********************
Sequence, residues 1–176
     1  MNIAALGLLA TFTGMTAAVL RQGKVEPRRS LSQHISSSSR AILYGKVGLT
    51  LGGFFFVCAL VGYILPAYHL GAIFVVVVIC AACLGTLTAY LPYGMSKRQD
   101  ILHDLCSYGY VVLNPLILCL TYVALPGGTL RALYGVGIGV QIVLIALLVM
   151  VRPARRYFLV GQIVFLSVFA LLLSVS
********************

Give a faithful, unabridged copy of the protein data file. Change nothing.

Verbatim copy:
Sequence, residues 1–176
     1  MNIAALGLLA TFTGMTAAVL RQGKVEPRRS LSQHISSSSR AILYGKVGLT
    51  LGGFFFVCAL VGYILPAYHL GAIFVVVVIC AACLGTLTAY LPYGMSKRQD
   101  ILHDLCSYGY VVLNPLILCL TYVALPGGTL RALYGVGIGV QIVLIALLVM
   151  VRPARRYFLV GQIVFLSVFA LLLSVS